Spectacular shock wave from a rejected star hurtling through space at 100,000 miles per hour

Zeta Ofuchi

Zeta Ophiuchi was as soon as in shut orbit with one other star, earlier than being ejected when this companion was destroyed in a supernova explosion. Infrared information from Spitzer reveal a spectacular shock wave that fashioned when matter flew away from the star’s floor and smashed into gasoline in its path. The Chandra information present a bubble of X-ray emission positioned across the star, produced by gasoline that has been heated by the shock wave to tens of thousands and thousands of levels. The Chandra information assist inform extra concerning the story of this runaway star. Credit score: X-Ray: NASA/CXC/Univ. of Cambridge/J. Sisk-Reynés et al.; Radius: NSF/NRAO/VLA; Optics: PanSTARRS

  • Zeta Ophiuchi is a single star that in all probability as soon as had a companion that was destroyed when it went supernova.
  • The supernova explosion despatched Zeta Ophiuchi, seen in information from Spitzer (inexperienced and purple) and Chandra (blue), hurtling by means of area.
  • The X-rays detected by Chandra originate from gasoline that has been heated to thousands and thousands of levels by the consequences of a shock wave.
  • Scientists are working to match computational fashions of this object to elucidate the information obtained at completely different wavelengths.

Zeta Ophiuchi is a star with an advanced previous, as she was in all probability blown out of her birthplace by a robust stellar explosion. A brand new detailed picture of[{” attribute=””>NASA’s Chandra X-ray Observatory helps tell more of the history of this runaway star.

Located approximately 440 light-years from Earth, Zeta Ophiuchi is a hot star that is about 20 times more massive than the Sun. Evidence that Zeta Ophiuchi was once in close orbit with another star, before being ejected at about 100,000 miles per hour when this companion was destroyed in a supernova explosion over a million years ago has been provided by previous observations.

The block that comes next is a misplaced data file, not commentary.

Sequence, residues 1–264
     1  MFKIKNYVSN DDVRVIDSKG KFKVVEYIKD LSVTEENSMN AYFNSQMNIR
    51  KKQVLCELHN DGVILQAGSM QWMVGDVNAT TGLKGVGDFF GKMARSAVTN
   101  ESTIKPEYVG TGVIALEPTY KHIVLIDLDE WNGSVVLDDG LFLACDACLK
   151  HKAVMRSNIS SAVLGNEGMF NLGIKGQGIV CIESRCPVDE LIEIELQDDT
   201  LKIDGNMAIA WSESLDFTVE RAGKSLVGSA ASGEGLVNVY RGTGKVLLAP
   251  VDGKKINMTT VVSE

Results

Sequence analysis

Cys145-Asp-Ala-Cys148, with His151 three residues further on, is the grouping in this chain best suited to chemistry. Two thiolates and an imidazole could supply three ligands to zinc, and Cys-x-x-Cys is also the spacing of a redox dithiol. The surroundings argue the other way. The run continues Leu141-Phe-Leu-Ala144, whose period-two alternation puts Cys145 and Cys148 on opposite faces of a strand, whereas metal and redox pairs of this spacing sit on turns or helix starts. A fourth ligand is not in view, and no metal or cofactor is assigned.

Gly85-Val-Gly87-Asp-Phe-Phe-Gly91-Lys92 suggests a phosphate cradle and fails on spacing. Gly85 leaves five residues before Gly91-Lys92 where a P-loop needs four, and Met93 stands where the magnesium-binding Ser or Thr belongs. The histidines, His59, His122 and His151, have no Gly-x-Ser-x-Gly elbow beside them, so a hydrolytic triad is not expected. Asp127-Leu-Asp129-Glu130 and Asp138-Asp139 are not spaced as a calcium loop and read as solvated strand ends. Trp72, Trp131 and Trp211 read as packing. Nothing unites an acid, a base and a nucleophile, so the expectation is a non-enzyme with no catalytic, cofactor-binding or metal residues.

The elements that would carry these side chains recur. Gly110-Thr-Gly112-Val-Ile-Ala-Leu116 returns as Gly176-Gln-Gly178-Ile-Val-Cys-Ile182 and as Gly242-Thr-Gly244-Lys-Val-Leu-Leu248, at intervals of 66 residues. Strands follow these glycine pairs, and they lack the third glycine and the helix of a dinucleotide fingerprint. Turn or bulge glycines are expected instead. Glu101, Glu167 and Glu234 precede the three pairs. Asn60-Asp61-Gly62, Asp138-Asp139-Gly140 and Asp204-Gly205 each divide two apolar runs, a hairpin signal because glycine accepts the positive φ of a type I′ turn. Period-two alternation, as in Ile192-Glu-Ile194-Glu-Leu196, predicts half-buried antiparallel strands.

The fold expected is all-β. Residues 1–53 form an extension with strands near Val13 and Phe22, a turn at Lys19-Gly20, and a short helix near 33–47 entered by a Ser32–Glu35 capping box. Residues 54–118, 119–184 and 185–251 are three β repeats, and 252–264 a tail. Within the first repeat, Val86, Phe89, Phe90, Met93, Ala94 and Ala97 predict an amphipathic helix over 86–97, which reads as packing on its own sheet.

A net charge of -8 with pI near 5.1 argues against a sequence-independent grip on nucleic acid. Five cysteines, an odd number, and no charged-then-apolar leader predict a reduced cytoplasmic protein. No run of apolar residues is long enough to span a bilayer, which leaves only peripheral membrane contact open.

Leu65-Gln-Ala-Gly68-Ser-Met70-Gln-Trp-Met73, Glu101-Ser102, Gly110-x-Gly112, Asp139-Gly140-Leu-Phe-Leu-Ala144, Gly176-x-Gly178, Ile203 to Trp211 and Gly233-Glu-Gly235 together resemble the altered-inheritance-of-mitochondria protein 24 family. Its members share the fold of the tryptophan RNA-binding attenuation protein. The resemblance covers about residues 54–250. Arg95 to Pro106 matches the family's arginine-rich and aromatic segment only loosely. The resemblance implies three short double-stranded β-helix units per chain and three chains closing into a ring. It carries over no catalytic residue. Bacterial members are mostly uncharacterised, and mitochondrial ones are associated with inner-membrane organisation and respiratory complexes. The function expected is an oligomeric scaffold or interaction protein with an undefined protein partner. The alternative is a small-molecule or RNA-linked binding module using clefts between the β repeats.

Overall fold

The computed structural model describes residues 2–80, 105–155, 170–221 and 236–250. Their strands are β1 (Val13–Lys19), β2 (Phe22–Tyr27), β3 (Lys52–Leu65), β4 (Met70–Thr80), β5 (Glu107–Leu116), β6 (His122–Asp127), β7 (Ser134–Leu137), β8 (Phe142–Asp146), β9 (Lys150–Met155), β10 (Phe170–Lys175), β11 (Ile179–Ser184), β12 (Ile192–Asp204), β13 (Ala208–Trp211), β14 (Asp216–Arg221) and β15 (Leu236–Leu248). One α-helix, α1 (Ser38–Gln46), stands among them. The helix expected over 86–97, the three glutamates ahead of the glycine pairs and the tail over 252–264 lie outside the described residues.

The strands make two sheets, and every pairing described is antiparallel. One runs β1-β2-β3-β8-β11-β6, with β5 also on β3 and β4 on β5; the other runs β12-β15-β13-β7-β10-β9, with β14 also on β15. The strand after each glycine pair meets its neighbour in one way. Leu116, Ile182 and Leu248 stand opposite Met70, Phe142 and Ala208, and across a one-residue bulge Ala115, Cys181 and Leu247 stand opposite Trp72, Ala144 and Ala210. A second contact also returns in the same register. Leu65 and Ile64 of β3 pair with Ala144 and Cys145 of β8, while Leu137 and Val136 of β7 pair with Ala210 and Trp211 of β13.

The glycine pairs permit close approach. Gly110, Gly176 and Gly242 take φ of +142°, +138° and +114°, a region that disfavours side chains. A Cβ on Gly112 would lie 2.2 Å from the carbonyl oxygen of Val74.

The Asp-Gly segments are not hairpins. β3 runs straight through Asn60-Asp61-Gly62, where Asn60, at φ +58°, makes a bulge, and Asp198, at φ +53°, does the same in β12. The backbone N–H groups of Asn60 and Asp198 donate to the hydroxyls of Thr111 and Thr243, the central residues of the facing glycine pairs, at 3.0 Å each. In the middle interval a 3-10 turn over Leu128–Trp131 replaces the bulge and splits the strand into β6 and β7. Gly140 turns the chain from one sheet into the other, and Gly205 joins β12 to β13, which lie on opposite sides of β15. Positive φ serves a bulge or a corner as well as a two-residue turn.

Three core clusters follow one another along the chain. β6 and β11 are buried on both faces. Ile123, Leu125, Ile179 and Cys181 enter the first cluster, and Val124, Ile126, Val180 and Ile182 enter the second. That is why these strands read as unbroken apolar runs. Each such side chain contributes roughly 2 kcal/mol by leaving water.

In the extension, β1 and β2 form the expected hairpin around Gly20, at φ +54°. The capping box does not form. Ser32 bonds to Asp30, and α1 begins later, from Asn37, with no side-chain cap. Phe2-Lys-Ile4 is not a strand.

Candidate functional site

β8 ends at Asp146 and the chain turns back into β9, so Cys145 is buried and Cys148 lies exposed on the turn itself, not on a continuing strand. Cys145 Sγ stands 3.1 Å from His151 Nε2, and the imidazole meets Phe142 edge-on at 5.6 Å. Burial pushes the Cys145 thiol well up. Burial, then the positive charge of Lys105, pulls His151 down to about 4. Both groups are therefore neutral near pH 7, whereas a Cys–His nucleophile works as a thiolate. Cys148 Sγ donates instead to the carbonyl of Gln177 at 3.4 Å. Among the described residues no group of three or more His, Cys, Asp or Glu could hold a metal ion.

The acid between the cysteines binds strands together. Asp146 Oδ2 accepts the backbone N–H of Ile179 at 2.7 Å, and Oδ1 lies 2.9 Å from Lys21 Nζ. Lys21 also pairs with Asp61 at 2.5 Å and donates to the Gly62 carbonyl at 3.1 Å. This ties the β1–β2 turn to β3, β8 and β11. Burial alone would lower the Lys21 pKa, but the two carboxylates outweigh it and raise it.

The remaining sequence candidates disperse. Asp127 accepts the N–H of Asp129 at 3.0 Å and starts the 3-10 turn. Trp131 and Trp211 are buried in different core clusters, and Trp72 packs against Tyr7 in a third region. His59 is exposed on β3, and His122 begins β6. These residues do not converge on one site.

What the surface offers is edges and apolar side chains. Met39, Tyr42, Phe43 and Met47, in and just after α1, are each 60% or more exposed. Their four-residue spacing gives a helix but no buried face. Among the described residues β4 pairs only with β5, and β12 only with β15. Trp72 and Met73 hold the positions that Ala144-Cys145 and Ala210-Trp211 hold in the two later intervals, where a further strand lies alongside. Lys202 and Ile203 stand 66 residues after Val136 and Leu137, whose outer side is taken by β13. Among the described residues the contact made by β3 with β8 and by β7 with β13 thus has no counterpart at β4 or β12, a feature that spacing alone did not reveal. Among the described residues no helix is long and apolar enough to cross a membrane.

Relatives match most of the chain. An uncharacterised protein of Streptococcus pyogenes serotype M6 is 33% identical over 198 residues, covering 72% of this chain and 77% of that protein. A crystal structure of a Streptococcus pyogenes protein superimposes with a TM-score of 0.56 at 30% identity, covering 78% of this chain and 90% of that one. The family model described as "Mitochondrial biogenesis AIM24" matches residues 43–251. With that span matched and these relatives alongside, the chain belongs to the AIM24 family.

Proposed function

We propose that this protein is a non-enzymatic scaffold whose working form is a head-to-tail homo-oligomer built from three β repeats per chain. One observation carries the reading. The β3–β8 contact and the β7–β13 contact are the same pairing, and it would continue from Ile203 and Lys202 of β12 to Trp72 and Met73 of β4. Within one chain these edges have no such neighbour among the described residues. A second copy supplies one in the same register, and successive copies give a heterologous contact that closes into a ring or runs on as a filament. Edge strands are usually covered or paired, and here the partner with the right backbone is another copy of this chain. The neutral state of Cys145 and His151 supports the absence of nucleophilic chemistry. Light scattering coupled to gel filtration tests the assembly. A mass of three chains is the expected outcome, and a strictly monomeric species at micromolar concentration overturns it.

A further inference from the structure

In fact, previously released infrared data from NASA’s now-retired Spitzer Space Telescope, seen in this new composite image, reveals a spectacular shock wave (red and green) that was formed by matter blowing away from the star’s surface and slamming into gas in its path. A bubble of X-ray emission (blue) located around the star, produced by gas that has been heated by the effects of the shock wave to tens of millions of degrees, is revealed by data from Chandra.

A team of astronomers has constructed the first detailed computer models of the shock wave. They have begun testing whether the models can explain the data obtained at different wavelengths, including X-ray, infrared, optical, and radio observations. All three of the different computer models predict fainter X-ray emissions than observed. In addition, the bubble of X-ray emission is brightest near the star, whereas two of the three computer models predict the X-ray emission should be brighter near the shock wave. The team of astronomers was led by Samuel Green from the Dublin Institute for Advanced Studies in Ireland.

Sooner or later, these scientists plan to check extra sophisticated fashions with extra physics, together with the consequences of turbulence and particle acceleration, to see if it would enhance the settlement with the X-ray information.

An article describing these outcomes has been accepted within the journal astronomy and astrophysics. The Chandra information used right here have been initially analyzed by Jesús Toala of the Andalusian Institute of Astrophysics in Spain, who additionally wrote the proposal that led to the observations.

Reference: “Thermal emission from bow dampers. II. 3D Magnetohydrodynamic Fashions of Zeta Ophiuchi” by S. Inexperienced, J. Mackey, P. Kavanagh, TJ Haworth, M. Moutzouri, and VV Gvaramadze, Accepted, astronomy and astrophysics.
DOI: 10.1051/0004-6361/202243531

NASA’s Marshall Area Flight Heart manages the Chandra program. The Smithsonian Astrophysical Observatory’s Chandra X-ray Heart controls science operations from Cambridge, Massachusetts, and flight operations from Burlington, Massachusetts.

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